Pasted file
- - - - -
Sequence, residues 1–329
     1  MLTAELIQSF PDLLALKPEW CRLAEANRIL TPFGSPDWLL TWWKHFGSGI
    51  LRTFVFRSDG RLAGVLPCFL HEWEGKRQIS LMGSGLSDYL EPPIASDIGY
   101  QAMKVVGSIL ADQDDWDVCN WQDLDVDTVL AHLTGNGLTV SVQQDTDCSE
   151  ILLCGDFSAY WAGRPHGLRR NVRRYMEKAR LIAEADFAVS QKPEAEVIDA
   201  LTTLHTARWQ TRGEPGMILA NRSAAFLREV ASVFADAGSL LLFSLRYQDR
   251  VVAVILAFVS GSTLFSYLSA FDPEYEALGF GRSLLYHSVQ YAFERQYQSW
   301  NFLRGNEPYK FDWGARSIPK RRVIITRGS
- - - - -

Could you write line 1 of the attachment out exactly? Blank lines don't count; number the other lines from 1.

Sequence, residues 1–329